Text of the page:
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The Arena Football League had a regional-cable deal with Fox Sports Net (beginning in 2004[1]), where FSN regional affiliates[2] in AFL markets carried local team games. In some areas, such as with the Arizona Rattlers,[3] Fox Sports affiliates still carry the games.

Terms of the deal[edit]

The Fox Sports Networks agreement had some of the revenue-sharing aspects in common with the two-year deal that the AFL had with NBC. FSN, like NBC, didn't pay rights fees to carry the games. The network instead, split ad revenue with the AFL; NBC split ad revenue 50-50 with the league, and the Fox deal was similar but apparently not 50-50. The agreement calls for FSN to produce the game telecasts, and both the AFL and FSN will work together to sell advertising inventory. Once FSN reimbursed for its production costs, the two organizations would share ad revenue. The agreement, combined with individual team broadcasting agreements, increased the number of AFL non-NBC games on television from 39 in 2004 to more than 120 in 2005. Most FSN regional telecasts took place on Fridays and Saturdays, and were in addition to the AFL’s exclusive Sunday afternoon national window on NBC.

FSN would carry more than 100 telecasts in 2004, including eight games on Fox–owned Sunshine Network (now Sun Sports), with 15 of the 17 teams appearing a minimum of five times. All 17 teams would have at least two games televised through this agreement.

In addition, FSN would continue producing and televising AFL WEEKLY, a weekly magazine program that premiered on the network in the previous season.


The AFL had 17 teams in markets from coast to coast, with 16 of them located in markets serviced by a Fox or Rainbow-owned regional sports network, making the AFL a natural local programming addition. In addition to the aforementioned Sunshine (the FSN broadcast affiliate of the Orlando Predators and Tampa Bay Storm), the other FSN-owned regional affiliates boasting local AFL teams and scheduled to carry games were FSN Arizona (Arizona Rattlers), FSN Detroit (Grand Rapids Rampage), FSN Rocky Mountain (Colorado Crush), FSN South (Georgia Force and Nashville Kats), FSN Southwest (Austin Wranglers, Dallas Desperados and New Orleans VooDoo) and FSN West (Las Vegas Gladiators and Los Angeles Avengers). Meanwhile, the Rainbow-owned FSN affiliates were FSN Bay Area (now Comcast SportsNet Bay Area) (San Jose SaberCats), the now defunct FSN Chicago (Chicago Rush), FSN New York (now MSG Plus) (New York Dragons) and FSN Ohio (Columbus Destroyers). Each region had its own broadcast team, with the home market’s FSN network responsible for a single production which in return, would be fed to the visiting team’s local FSN network.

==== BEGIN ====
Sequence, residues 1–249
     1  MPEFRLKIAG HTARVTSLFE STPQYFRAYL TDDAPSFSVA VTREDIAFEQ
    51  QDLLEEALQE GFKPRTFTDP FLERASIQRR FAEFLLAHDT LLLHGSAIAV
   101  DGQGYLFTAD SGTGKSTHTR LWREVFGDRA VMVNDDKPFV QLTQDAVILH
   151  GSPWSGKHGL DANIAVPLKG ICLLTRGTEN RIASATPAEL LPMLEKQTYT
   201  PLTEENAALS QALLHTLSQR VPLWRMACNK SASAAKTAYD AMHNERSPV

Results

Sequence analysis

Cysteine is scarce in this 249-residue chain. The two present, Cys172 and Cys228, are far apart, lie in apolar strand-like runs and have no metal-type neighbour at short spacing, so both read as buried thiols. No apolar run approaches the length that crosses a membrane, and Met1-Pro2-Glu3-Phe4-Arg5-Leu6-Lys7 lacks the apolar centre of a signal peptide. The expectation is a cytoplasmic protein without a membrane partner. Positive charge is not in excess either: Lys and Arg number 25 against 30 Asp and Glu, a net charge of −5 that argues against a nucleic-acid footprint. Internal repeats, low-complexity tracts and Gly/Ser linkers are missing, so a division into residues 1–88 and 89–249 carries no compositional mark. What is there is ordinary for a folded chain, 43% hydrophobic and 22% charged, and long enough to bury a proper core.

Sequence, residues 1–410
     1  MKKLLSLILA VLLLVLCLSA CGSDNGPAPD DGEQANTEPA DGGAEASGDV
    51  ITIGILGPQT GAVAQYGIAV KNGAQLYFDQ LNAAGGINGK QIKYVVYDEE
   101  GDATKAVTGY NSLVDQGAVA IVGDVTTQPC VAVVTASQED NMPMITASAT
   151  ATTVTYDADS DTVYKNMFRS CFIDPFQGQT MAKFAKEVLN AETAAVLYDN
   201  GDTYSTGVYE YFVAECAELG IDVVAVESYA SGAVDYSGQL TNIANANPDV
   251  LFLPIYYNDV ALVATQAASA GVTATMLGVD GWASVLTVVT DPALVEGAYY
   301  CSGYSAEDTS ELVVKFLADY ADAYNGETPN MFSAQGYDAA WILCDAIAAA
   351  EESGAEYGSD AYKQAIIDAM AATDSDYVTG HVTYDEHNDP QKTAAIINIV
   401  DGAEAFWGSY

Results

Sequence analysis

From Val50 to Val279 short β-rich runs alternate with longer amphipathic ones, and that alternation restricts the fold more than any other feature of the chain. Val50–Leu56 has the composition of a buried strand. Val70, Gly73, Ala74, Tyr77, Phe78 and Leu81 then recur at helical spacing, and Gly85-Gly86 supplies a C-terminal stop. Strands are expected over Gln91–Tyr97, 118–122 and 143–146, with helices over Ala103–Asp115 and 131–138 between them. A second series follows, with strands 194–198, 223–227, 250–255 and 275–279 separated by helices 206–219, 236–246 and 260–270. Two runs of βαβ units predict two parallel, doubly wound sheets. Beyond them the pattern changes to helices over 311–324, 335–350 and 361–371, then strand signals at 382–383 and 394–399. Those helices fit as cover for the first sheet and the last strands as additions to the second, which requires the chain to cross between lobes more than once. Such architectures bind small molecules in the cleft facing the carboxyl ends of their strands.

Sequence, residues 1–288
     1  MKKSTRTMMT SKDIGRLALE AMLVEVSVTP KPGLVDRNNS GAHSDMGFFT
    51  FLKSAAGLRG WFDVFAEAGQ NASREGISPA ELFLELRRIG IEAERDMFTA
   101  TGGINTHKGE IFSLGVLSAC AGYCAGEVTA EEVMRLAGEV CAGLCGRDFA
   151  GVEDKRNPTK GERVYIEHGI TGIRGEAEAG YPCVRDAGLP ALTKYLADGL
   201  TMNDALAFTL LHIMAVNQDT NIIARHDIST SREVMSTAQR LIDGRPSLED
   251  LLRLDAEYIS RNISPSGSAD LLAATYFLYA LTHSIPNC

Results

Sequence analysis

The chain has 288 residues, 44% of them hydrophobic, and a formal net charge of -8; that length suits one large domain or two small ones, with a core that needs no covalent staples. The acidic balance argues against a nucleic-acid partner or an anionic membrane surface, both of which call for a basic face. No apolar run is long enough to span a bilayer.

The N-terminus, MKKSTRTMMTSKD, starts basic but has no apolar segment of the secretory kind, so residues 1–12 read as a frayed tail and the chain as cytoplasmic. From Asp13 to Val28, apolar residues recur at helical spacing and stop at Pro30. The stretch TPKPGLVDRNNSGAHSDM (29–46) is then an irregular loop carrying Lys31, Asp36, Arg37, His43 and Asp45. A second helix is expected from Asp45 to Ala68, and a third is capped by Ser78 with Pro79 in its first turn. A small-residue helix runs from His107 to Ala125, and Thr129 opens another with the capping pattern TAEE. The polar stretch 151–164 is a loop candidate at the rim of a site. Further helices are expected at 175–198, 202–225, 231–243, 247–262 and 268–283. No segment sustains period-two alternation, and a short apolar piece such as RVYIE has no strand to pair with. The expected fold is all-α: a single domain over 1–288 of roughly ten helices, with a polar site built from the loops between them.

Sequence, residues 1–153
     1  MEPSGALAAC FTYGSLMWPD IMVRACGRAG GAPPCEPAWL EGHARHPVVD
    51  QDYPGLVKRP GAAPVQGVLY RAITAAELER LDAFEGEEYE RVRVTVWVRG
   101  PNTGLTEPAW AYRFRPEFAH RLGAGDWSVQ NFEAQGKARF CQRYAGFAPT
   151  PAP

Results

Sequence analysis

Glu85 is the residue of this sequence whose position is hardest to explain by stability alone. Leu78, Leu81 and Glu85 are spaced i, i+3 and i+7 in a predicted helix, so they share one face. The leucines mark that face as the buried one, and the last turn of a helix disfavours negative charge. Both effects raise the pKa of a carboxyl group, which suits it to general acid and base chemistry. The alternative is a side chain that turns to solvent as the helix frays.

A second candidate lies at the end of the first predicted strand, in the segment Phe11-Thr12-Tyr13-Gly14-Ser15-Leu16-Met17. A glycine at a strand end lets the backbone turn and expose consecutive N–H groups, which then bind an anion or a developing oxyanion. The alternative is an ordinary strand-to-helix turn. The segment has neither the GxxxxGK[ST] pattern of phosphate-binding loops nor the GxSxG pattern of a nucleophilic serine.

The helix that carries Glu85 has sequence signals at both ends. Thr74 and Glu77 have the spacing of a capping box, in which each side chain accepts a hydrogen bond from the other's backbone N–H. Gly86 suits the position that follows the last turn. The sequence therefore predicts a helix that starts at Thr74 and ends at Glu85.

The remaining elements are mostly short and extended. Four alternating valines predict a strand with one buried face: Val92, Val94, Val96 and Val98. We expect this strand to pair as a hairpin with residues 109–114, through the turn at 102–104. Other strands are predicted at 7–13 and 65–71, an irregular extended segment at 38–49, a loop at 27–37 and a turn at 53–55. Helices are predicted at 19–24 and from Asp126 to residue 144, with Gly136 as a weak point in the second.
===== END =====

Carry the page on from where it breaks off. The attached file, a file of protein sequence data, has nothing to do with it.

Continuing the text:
The Chicago Rush originally had games broadcast on the now defunct Fox Sports Net Chicago during its first two seasons from 2001-02 with mostly Saturday night telecasts. When the AFL signed with NBC from 2003–06, the Rush was one of the most prominently featured teams during the national NBC broadcasts as well as playoff games and the majority of Chicago's games moved to Sunday afternoons. A few of the games not picked up by NBC remained on FSN Chicago until 2006. Beginning in the 2007 season, the AFL began a TV partnership with ESPN and FSN Chicago went under and Comcast SportsNet Chicago took its place. Once again the Rush were widely featured during the national ESPN telecasts on Monday nights and Sunday afternoons.[4]

The regional telecasts went to Comcast SportsNet. From 2001 to 2008, the Rush games were broadcast by Tom Dore and former Chicago Bears offensive lineman James "Big Cat" Williams. The radio deals bounced between 670 The Score and ESPN Radio 1000.

When the Rush returned in 2010, the AFL signed its TV deal with NFL Network, but the Rush were not featured as often as they had been with ESPN and NBC, averaging between 2 and 3 telecasts a year on NFL Network in 2010 and 2011, but were shutout from the national spotlight in 2012. Occasionally region games air on CSN and WGN's CLTV, and all AFL games are streamed for free online through UStream.[5]

Prime Network's coverage[edit]

The Prime Network, the forerunner to the Fox Sports Networks (officially starting on November 1, 1996 when the Prime Network names were dropped for the FSN name nationwide) broadcast the ArenaBowl from 1989-1991. Dave Enet and Bill Land served as play-by-play men and Howard Balzer and Tony Hill served as color commentators. Jim Grabowski served as a sideline reporter for ArenaBowl IV in 1990.


  1. ^ "Arena Football League: A history of playing rough indoors". SportsBusiness Journal. 23 January 2003. Retrieved 15 January 2013. 
  2. ^ Gough, Paul J. (20 December 2004). "FSN to fans: are you ready for some arena football? 2-year deal to air regional games.(news)(Fox Sports Networks)(Brief Article)". Hollywood Reporter. Retrieved 15 January 2013. 
  3. ^ "Rattlers, FOX Sports Arizona announce TV deal". FS Arizona Reports. 13 May 2011. Retrieved 15 January 2013. 
  4. ^
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